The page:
The Hague: Isaac Burchoorn for Adriaen van de Venne [In 'sGraven-Hage… van Isaac Burchoorn”], 1634.
Octavo: 12.1 x 8.8 cm. 2 parts in 1 vol., 111,(1); (32),108,(2)p. Collation: a-g8, ¶8, A-H8.
Bound by the Middelburg binder Suenonius Mandelgreen (1736-1758), “one of the few Dutch binders known by name to whom work can be assigned with certainty” (Storm van Leeuwen) in 18th cent. marbled calf w. large gilt floral central ornament and gilt tooled floral borders on both covers, richly gilt spine in 6 compartments w. morocco lettering piece and gilt edges (small loss to corners, upper hinge split). Illustrated with a (self?) portrait of the author engraved by Daniël van den Bremden, and 9 etched scenes (two by Adriaen Matham after drawings by the author, the other 7 by the author.) A nice copy. Very light dampstain to first five leaves, paper defect to blank lower margin of one leaf, ink stain on 2 leaves (H1-2), one entering the engraving; fore-edge cut close, just touching the text in a few places.
A charming, somewhat bizarre work. The first part consists of a laudatory poem on peat and its trade on the peat-market in The Hague. The second part contains one of the earliest laudatory poems on tobacco to be published in The Netherlands. The tobacco poem includes a re-working of a Sir Walter Raleigh smoking myth, in which a pipe-smoking peat bargeman is thought to have caught on fire: frightened onlookers try hastily to put out the flames. In the original version, Raleigh finds himself soaked in beer after a surprised spectator sees smoke emanating from his head.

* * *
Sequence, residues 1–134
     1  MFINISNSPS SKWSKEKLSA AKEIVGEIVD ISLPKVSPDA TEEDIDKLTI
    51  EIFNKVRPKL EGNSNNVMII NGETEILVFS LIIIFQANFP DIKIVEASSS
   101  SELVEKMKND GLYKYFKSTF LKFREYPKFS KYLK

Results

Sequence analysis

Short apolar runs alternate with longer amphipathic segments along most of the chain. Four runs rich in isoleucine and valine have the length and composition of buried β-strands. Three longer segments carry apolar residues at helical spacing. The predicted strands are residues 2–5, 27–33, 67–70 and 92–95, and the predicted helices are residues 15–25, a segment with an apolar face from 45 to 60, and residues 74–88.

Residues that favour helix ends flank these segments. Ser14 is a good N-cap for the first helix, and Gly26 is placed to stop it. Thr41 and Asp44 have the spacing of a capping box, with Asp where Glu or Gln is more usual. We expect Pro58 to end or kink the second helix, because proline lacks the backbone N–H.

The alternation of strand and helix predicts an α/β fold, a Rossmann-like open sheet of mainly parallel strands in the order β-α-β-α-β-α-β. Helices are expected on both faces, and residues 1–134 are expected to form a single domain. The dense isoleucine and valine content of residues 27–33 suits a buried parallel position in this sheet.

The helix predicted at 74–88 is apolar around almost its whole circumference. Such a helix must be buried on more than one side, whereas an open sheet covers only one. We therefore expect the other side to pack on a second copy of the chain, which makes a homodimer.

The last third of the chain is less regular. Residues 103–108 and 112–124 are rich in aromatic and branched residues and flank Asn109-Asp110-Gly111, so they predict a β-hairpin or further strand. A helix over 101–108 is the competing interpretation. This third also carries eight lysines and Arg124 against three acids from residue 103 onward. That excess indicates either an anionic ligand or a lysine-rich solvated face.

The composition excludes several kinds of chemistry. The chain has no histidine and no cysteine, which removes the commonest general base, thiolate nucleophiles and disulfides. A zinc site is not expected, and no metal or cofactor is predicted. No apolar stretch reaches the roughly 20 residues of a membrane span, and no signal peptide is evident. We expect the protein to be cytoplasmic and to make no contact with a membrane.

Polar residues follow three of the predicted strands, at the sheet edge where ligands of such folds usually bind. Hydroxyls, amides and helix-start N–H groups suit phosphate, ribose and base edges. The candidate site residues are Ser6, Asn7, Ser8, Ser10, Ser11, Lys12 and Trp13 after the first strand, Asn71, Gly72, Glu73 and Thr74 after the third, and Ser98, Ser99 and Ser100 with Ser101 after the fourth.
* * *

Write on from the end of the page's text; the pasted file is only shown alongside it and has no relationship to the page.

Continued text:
“In this potpourri, the author, after describing and praising the qualities of Dutch peat, relates (undoubtedly as a satire) an amusing incident that (he says) he had witnessed. A farmer, standing on his peat-loaded barge, was smoking a pipe and thus appeared to onlookers to be on fire. Great confusion reigned while some ran for ladders and shovels, and others for water with which to extinguish the assumed blaze, until the nature of the smoke was explained.
“In the “Nieuw Wys-Mal” is related a lengthy and involved fable in verse, presented as someone's dream, in which the two chief characters are Doddus, a blacksmith, and his helper, Julfus. In the course of their travels they come upon a field where grows a special herb, which Doddus is determined to smoke. Julfus is of the opinion that tobacco smells bad but he is told by his master that it is not food for the belly but is intended only for the nose, mouth, and head. They encounter Death and Bruegelesque devils, catch one of the devils in a sack and beat it on their anvil with sledgehammers. Upon the death of Doddus, Julfus plans to promote the use of tobacco to the ends of the earth. Tobacco, he soliloquizes, deserves fame, for it clarifies poor eyesight, expels lice, and drives away wives. It has, too, other valuable remedial and social powers."(Arents II, 194).
Hollstein 431-437; Waller 1732; Scheepers I, 282; Versnel 597; Franken (Van der Venne) III, p.99. Binding: For a biography of the binder, see Storm van Leeuwen IIB, 4.2.7. For the tools, ibid., p. 623, roll VII, and p. 625 tool 41.